The critical path: Just how critical is it?

You’ve probably heard the term “critical path” many times. But what does it really mean and how can it help or hurt you when it comes to delay claims on a project? The standard nearly all courts recognize what is known as the Critical Path Method (“CPM”) as the most readily accepted method of measuring project delays. CPM is the benchmark that is universally accepted in construction delay claims litigation.

It is extremely important for anyone involved in construction to understand how CPM is used for proving delay claims. If you don’t know how a delay is measured, you may find it difficult proving you were really damaged by a delay. Or worse yet, you may find it difficult defending yourself against an unfair delay claim.

A quick history Commonly known by its initials “CPM,” it is a method of estimating how long a project will take to complete. A critical path is determined by taking the key tasks in sequence and adding up the longest time necessary to complete all the tasks to determine the project’s total length. The procedures are the same for small projects or large projects, but larger projects will benefit from the use of project management software, since the software can handle hundreds of tasks and variables with ease.

Most project management software uses a variant of CPM called PERT, which means Program Evaluation Review Technique. PERT was developed in 1958, a year after CPM was first used, but the name CPM has become synonymous with both methods. What distinguishes PERT from pure CPM is its use of statistics to predict completion times. Using three time estimates, optimistic, pessimistic and most likely, a more realistic completion time estimate is created.

The basics here is a quick primer on what it takes to create a CPM schedule. CPM is focused both on time and sequencing. First, a sequence of work is determined. Then, assign each sequence a time interval required to complete it and theoretically you have a critical path. You need to know the following information in order to create any sort of CPM schedule:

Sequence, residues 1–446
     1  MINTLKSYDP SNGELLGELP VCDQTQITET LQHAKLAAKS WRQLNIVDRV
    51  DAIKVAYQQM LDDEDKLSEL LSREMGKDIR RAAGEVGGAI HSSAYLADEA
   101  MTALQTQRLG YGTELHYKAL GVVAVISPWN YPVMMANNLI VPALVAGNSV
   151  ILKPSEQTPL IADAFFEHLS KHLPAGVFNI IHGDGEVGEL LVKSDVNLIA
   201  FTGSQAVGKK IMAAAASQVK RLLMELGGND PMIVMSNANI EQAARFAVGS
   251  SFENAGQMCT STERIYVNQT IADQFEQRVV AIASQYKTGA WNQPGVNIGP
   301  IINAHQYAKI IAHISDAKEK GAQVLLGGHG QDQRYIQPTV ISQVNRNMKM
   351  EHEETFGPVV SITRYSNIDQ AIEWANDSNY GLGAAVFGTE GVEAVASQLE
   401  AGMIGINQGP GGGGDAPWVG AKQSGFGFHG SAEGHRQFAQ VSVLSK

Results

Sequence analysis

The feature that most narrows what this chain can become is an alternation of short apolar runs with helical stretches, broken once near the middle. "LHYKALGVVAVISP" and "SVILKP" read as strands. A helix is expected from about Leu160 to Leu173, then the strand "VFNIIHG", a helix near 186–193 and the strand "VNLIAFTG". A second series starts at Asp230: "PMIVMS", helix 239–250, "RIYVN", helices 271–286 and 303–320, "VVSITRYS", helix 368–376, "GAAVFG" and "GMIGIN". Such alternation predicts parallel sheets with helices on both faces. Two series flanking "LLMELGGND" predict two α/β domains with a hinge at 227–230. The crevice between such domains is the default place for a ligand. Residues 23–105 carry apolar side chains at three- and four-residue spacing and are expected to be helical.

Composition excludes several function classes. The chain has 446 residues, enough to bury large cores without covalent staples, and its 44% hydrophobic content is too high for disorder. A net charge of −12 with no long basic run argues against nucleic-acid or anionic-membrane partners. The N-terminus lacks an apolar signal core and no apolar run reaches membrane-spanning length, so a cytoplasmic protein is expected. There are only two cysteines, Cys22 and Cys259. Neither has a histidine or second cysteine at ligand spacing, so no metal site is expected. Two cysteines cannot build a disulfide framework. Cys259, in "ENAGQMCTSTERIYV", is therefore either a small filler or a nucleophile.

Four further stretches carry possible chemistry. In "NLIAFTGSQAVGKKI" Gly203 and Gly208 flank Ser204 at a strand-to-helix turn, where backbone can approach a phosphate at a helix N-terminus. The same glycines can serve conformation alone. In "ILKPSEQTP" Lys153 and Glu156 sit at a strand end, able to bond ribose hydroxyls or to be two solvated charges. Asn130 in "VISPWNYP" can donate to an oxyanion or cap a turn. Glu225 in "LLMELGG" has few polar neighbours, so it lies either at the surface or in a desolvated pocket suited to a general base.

1. Specific activities: These are unique tasks that have a distinct length of time for completion. In construction, these are usually straightforward and fairly easy to identify by trade.

2. Milestones: These are events that identify the beginning or end of a task.

3. Sequence: Getting from bare earth to a finished building requires the proper sequence of construction tasks. Some sequences are obvious, and others are not. For example, it is clear that earthwork must come before roofing. But, it may not be so obvious whether finishing the plumbing would come before or after roofing, or whether it really matters.

4. Dependent tasks: Careful analysis is often needed to determine the cause and effect relationships between tasks. Tasks that depend on the completion of another task must be identified.

5. Time estimate: The time required for each activity is needed. An experienced estimator can shoot from the hip and use past experience as his guide, but often input from each trade is needed to get realistic estimates of time for their work. It is at this point that PERT-type statistics would come into play (whether calculated manually, or generated by project management software) in order to arrive at the best estimate< for a task time.